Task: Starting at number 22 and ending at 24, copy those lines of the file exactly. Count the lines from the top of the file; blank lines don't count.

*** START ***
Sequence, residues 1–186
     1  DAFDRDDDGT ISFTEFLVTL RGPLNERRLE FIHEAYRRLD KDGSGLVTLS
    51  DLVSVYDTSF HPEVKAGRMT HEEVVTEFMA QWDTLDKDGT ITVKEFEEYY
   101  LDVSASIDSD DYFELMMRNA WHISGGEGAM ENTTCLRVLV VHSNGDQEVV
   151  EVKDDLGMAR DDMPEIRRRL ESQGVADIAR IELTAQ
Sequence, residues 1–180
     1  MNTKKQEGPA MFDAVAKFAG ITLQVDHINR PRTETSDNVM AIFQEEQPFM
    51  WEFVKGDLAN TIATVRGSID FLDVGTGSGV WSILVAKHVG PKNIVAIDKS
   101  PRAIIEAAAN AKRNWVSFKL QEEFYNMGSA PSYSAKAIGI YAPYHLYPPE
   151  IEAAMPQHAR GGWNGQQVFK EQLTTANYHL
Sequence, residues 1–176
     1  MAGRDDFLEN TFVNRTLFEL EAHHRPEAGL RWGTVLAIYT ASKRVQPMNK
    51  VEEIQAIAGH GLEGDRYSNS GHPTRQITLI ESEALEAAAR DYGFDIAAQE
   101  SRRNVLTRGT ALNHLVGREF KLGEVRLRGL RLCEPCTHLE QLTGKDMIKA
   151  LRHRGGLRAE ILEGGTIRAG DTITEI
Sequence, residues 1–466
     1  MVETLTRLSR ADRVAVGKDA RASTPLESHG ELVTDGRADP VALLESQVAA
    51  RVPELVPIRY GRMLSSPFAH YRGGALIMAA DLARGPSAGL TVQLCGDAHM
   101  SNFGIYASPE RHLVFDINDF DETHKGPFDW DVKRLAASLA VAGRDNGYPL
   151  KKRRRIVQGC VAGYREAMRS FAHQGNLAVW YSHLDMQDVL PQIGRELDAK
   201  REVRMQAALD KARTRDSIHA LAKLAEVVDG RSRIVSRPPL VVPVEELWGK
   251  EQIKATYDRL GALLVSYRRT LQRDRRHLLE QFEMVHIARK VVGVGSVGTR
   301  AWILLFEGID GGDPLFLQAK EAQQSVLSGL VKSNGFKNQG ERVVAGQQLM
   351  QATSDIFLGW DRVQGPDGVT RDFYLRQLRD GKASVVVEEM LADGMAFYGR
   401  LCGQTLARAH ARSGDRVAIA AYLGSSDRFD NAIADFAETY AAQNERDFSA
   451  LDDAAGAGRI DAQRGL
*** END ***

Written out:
   251  EQIKATYDRL GALLVSYRRT LQRDRRHLLE QFEMVHIARK VVGVGSVGTR
   301  AWILLFEGID GGDPLFLQAK EAQQSVLSGL VKSNGFKNQG ERVVAGQQLM
   351  QATSDIFLGW DRVQGPDGVT RDFYLRQLRD GKASVVVEEM LADGMAFYGR